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“San Ignacio 'Must-Do' Activity”

Actun Tunichil Muknal
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Actun Tunichil Muknal (ATM) Cave from San Ignacio
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Actun Tunichil Muknal Cave Tour and Picnic
Ranked #1 of 72 things to do in Cayo
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Owner description: This remote cave is filled with relics left over from the Mayans.
Reviewed May 24, 2011

ATM is an absolute must-do if you're in Belize. I did my tour through Pacz and thought that their guides did an excellent job. Just understand that this is an active tour and not for the faint-of-heart. It takes about 45-minutes just to drive to the site (the ride gets EXTREMELY dusty), 45-minutes to hike to the entrance of the cave and you will be inside the cave for several hours.

Here are a few of my recommendations: #1 Do NOT apply insect repellant or sunscreen before your trip to ATM. For starters, you really won't need it but most importantly you should know that the farmers and people who live in the area rely on the water flowing through ATM for their drinking/cooking, showering and for use on their crops. Insect repellant and sunscreen contain chemicals which will contaminate the water. #2 I personally would discourage you from taking your backpack with you on the hike. Once you get to the entrance of the cave you have to completely empty your pockets and leave everything behind. The only thing you need is your food. You're much better off leaving your bag with one of the guides who stays with the van. #3 Be careful when crossing all three creeks. The water level isn't high but the river rocks can be extremely slippery. There were several times when I almost slipped and fell. #4 If you can afford it, I would highly recommend a waterproof case for your camera. I use C camera company which makes hard cases for its entire model line. It's about as expensive as the camera itself but worth every penny. I was able to take pictures along the hike that no one else could because their cameras had to be sealed in a waterproof bag carried by the guides. #5 I highly recommend water shoes. I had purchased a $20 pair of scuba shoes several years ago to go canyoneering in Costa Rica and it turned out to be a perfect investment. The scuba shoes have a rubber sole so I could both walk and hike between the cave and outdoors, not to mention the fact that they were closed toe. #6 You have to swim several yards into the entrance of the cave. Not a big deal if you know how to swim, but if you can't there are no life vests provided. #7 You are instructed when not to touch certain formations because the oils from your hand will kill its growth. #8 Someone recommended I put my dry socks in my helmet and it was perfect. Once my group got to the chamber and were instructed to remove our shoes, my socks were dry and kept my feet warm while everyone else had to squish around in their wet socks. #9 One of the coolest experiences came when we were leaving the cave. At a certain point we were instructed to form a human chain and turn off all of our headlamps. One of our guides then led us through the dark until we arrived at the lone area of the cave where you saw natural sunlight. My heart was beating in my chest but it made for a memorable moment. #10 Don't be afraid of ATM because it's truly a remarkable experience. You will get wet, be in the dark and have to climb up and down extremely tight spaces but it's all part of the adventure. There are reviews from people old and young with different skill levels. If they raved about how magnificent it was, you can do it too.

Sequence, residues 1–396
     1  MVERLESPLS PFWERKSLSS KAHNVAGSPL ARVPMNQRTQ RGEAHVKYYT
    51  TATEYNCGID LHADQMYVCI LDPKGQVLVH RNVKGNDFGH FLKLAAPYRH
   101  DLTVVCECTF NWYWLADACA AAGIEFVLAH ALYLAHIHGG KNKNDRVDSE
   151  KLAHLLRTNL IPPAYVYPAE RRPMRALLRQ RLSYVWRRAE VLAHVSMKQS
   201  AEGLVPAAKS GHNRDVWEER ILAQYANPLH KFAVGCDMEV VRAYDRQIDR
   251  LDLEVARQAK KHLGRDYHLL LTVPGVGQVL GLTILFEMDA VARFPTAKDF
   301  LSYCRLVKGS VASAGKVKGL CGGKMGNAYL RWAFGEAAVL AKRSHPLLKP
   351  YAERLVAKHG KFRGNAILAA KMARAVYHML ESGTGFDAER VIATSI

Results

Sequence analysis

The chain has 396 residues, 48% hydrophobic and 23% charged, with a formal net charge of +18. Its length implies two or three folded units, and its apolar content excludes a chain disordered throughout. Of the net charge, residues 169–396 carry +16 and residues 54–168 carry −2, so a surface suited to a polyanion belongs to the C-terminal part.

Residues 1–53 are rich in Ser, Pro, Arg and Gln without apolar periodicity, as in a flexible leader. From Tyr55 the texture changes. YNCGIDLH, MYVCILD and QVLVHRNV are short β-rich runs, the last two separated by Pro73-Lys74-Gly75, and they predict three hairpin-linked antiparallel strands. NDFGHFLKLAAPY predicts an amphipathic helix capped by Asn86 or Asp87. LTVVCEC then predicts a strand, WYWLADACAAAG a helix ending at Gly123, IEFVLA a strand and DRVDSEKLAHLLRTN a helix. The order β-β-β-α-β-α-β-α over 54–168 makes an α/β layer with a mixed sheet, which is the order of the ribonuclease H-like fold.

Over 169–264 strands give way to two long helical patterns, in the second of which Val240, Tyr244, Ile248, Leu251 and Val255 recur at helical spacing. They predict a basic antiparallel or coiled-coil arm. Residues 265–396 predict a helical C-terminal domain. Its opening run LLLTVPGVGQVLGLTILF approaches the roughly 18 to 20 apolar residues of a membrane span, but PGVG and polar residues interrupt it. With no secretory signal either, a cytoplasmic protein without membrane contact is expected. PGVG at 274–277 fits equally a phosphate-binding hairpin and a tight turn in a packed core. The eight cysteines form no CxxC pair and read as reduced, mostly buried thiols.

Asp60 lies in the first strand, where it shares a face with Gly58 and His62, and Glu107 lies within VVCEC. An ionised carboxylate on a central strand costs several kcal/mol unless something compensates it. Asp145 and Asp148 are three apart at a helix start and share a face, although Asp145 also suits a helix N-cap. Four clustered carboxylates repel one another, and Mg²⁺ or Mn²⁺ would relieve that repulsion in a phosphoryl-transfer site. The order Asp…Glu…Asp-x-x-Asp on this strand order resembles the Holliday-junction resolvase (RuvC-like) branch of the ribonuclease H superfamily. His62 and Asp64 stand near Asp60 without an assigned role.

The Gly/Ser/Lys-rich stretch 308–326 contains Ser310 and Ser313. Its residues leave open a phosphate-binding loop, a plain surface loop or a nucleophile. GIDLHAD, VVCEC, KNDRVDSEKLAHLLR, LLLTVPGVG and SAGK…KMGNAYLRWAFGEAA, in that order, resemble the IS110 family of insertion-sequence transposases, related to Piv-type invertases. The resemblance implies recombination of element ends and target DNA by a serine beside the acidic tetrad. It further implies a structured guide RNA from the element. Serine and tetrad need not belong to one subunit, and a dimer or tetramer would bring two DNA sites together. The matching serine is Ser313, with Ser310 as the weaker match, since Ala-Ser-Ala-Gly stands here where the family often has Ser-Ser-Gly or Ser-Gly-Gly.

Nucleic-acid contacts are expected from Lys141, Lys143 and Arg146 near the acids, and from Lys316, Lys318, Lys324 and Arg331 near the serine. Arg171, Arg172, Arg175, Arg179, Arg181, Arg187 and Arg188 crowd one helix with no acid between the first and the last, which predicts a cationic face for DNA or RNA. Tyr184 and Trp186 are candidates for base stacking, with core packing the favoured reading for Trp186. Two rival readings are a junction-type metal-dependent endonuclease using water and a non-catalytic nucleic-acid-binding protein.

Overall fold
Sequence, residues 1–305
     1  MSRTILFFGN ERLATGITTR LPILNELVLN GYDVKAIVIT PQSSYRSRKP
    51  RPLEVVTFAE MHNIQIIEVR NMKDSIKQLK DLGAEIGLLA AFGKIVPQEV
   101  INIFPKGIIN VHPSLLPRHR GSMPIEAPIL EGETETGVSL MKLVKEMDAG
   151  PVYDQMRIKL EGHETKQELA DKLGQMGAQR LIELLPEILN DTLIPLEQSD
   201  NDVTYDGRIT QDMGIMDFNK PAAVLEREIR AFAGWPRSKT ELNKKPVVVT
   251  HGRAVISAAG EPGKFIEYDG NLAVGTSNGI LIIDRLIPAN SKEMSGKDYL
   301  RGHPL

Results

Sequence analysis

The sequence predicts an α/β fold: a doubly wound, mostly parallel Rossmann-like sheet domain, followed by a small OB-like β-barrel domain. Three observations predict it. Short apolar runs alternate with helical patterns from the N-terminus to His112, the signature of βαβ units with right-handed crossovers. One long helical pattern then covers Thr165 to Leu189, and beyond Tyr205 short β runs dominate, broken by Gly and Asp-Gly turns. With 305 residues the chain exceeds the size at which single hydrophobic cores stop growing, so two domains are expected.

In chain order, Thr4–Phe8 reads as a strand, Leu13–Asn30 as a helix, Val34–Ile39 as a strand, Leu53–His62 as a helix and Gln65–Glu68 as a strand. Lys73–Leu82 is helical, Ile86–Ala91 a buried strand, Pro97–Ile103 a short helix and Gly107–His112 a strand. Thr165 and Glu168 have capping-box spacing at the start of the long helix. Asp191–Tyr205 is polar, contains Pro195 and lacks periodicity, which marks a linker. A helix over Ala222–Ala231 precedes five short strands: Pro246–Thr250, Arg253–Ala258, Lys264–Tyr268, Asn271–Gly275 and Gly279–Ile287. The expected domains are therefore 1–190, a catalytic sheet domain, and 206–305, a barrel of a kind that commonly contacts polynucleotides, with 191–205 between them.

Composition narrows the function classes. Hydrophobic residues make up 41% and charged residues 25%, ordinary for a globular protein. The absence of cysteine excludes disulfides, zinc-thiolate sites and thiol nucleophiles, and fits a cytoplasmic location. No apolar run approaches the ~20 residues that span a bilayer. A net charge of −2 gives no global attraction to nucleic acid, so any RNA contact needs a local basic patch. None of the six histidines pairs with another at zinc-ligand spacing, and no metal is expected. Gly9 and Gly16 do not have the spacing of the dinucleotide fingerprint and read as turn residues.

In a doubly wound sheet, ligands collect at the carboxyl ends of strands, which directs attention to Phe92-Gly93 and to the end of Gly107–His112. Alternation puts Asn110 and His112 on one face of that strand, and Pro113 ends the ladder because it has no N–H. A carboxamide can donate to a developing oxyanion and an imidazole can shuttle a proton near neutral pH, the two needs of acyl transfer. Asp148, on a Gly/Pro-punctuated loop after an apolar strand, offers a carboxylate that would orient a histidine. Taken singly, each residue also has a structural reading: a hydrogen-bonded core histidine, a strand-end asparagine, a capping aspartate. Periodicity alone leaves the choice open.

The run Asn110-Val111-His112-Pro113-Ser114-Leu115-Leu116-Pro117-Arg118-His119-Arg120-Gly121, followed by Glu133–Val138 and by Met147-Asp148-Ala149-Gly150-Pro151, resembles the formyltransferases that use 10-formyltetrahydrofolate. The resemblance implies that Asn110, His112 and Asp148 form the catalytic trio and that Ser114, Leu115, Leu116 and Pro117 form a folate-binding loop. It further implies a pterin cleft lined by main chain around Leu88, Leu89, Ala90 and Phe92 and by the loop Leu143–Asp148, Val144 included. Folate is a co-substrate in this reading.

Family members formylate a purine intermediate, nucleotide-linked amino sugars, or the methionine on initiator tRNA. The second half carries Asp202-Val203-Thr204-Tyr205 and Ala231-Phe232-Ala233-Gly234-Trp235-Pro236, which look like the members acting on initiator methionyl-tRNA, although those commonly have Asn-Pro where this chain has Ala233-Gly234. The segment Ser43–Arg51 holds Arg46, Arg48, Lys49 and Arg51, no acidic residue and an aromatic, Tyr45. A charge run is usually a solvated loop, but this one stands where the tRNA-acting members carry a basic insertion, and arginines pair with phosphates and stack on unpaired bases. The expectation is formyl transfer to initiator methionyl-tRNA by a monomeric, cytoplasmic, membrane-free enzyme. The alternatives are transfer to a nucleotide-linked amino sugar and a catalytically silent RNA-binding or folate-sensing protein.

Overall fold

7  Thank appetite4trvl
This review is the subjective opinion of a TripAdvisor member and not of TripAdvisor LLC.
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Reviewed April 23, 2011

The other reviews say it all. I just want to add that my husband and I are 65 years old and in good shape. We went with our 30 something children and all of us had an amazing experience. Some reviewers mentioned being cold. We were not, in March, but then our guide had us put our t-shirts under our hard hats to put on in the dry part of the cave. Our guide held our cameras in his dry pack which he gave to us to use in the dry cave. I would have LOVED to have had a camera to document the rest of the cave. There is one rickety 14 ft. aluminum ladder that you have to climb, which was a lot scarier than any of the rocks. The guides,however,are so familiar with the path through the cave that they can tell you exactly where to put your hands and feet to get through difficult areas. The first time I cracked my head on a rock, I was so grateful for the hard hat. Favorite part of the journey for me was swimming through the underground pools. There is some discussion on limiting visitor access to the cave and artifacts, so don't wait to go on this trip.